U.S. Army Command Sgt. Maj. Michael A. Grinston, 16th Sergeant Major of the Army, poses for his official portrait in the Army portrait studio at the Pentagon in Arlington, Va, Aug. 12, 2019.

U.S. Army Command Sgt. Maj. Michael A. Grinston, 16th Sergeant Major of the Army, poses for his official portrait in the Army portrait studio at the Pentagon in Arlington, Va, Aug. 12, 2019. (William Pratt/Army)

Earlier this month Sgt. Maj. of the Army Michael Grinston publicly espoused willful disobedience as the solution to a problem: more mandatory Army training requirements than time to complete them.

The solution, according to Grinston: “Don’t do it.” He was referring to Army mandated online training requirements including: anti-terrorism training; ethics; equal-opportunity; sexual harassment, assault, response prevention (SHARP); and threat-awareness, along with half a dozen more subjects. 

According to Grinston, soldiers should determine what’s important and if that means not completing mandatory online training requirements, so be it. Note that Grinston’s comments, which I find irresponsible, are coming from the most senior enlisted member of the Army.

I served in the Army for 20 years, initially as an infantry officer and later as a judge advocate, and never heard a noncommissioned officer tell subordinates they should pick and choose which regulations they followed. 

That the time required for mandatory training exceeds available training time confirms there is an issue. But the solution is to be found at the source of the problem – the Department of the Army, the offices where Grinston works.

The problem is not just with the sergeant major of the Army. Grinston’s boss, Gen. James McConville, chief of staff of the Army, not only didn’t correct Grinston, he added derision to the call to disobey.

McConville was incredulous at the idea that “[p]eople actually do this stuff?” He added that he “was a division commander for three years, and I never did this stuff.” To be clear, the “stuff” are mandatory online training requirements developed by the Army staff supervised by … McConville.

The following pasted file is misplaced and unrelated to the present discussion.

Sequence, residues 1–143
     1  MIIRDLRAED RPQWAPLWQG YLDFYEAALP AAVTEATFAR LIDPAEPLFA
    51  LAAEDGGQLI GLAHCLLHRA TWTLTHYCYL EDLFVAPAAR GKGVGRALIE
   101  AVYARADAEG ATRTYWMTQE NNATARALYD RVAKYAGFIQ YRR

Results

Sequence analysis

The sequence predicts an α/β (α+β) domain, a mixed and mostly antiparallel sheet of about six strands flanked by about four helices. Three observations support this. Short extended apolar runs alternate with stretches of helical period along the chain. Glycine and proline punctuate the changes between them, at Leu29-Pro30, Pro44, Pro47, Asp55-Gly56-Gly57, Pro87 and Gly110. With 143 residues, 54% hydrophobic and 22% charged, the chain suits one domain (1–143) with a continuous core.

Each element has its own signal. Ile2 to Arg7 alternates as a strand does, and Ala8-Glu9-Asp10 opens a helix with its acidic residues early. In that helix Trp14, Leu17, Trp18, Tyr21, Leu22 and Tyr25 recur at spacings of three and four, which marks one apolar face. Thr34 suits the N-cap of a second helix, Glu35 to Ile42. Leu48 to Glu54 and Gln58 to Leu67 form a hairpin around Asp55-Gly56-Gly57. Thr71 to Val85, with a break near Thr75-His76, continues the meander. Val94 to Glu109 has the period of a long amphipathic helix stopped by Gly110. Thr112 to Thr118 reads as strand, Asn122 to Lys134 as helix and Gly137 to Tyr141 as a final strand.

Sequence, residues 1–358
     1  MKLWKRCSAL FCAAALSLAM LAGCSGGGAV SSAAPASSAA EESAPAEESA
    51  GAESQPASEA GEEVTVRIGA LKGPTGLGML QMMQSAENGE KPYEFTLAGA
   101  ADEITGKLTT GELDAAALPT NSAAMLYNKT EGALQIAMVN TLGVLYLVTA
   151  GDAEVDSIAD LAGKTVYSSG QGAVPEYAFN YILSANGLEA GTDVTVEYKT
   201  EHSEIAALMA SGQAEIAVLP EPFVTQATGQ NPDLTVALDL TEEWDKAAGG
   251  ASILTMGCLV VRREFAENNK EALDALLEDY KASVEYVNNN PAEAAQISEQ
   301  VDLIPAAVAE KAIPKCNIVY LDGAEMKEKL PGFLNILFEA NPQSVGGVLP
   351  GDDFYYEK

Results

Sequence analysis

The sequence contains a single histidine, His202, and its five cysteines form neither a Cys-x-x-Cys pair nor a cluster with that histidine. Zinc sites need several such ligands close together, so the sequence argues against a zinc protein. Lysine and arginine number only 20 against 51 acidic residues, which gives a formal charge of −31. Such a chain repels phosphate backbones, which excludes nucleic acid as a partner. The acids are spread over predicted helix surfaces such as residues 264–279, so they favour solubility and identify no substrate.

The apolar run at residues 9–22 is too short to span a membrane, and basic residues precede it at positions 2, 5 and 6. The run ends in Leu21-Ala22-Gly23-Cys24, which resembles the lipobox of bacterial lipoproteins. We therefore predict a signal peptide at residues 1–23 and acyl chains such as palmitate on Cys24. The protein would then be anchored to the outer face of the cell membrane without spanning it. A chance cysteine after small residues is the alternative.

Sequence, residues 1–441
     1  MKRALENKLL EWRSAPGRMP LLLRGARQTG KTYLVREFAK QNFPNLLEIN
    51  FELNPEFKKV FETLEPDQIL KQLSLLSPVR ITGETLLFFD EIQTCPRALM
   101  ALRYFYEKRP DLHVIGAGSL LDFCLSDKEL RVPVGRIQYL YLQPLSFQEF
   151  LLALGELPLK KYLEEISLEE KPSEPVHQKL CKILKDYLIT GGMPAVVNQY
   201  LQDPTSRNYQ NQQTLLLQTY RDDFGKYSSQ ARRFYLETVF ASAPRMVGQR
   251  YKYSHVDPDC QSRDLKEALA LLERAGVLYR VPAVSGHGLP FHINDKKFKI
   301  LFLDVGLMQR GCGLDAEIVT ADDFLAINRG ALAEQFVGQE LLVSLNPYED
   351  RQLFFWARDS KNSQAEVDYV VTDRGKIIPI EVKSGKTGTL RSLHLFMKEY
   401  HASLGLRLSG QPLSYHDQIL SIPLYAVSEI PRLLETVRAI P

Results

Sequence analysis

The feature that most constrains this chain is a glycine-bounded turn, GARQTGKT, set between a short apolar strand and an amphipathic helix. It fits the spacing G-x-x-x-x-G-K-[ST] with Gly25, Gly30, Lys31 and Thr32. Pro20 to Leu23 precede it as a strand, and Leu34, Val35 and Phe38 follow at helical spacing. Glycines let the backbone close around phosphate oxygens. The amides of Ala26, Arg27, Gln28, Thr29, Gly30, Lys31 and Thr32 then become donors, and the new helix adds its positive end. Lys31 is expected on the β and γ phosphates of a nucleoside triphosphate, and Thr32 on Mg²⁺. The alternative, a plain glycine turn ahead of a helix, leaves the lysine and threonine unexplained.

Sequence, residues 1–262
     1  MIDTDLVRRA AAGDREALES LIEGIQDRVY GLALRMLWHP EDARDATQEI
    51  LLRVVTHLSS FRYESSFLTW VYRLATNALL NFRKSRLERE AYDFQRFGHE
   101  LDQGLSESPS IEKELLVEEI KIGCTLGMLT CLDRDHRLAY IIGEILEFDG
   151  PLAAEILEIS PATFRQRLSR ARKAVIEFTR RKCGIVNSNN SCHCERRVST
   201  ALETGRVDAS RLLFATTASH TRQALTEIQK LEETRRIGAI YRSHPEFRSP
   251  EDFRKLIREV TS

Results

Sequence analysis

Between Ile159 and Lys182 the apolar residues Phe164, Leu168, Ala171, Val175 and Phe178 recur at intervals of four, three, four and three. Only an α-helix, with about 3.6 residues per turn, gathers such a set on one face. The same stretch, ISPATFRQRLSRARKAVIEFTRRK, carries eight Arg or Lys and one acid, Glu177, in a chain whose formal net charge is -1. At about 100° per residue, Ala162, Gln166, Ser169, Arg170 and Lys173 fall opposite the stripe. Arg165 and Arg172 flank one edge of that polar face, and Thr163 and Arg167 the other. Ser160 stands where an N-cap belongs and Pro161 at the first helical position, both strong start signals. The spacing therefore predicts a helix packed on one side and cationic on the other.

McConville explained that units “don’t have the time” to complete all the training sequences — which his staff has directed them to do. According to McConville, solving this problem is “when senior leaders need to come in,” a curious comment by the most senior officer in the Department of the Army.

The Deputy Chief of Staff G-3/5/7, a lieutenant general who works directly for McConville, issued the requirements by promulgating Army Regulation 350-1, aptly titled “Army Training and Leader Development.” If McConville believes the online training requirements are excessive and/or unnecessary, he can remedy the situation in 60 seconds by calling the Army G-3/5/7 into his office. 

Instead, through their ill-advised comments, Grinston and McConville not only undercut their own authority but that of leaders throughout the Army.

What does it say about McConville’s leadership that he publicly mocked requirements from a training and leader development regulation issued by one of his subordinates? What does it say about Grinston’s professionalism that he would advocate not following the regulation governing training, when training is the raison d’etre for the noncommissioned officer corps?

Their comments are akin to IRS policymakers complaining about the tax code that their office produces and then laughing at the people who actually try to follow the code so they can pay their taxes. Just as telling taxpayers to ignore difficult code requirements and do what feels right could produce a disaster for the IRS and the finances of our country, communicating that mandatory Army training is negotiable will end badly.

The Army mission is to fight and win our nation’s wars. Undermining attitudes toward the critical training to accomplish these missions is a mistake. Stated plainly, Grinston and McConville’s guidance, if followed, jeopardizes the Army’s ability to function.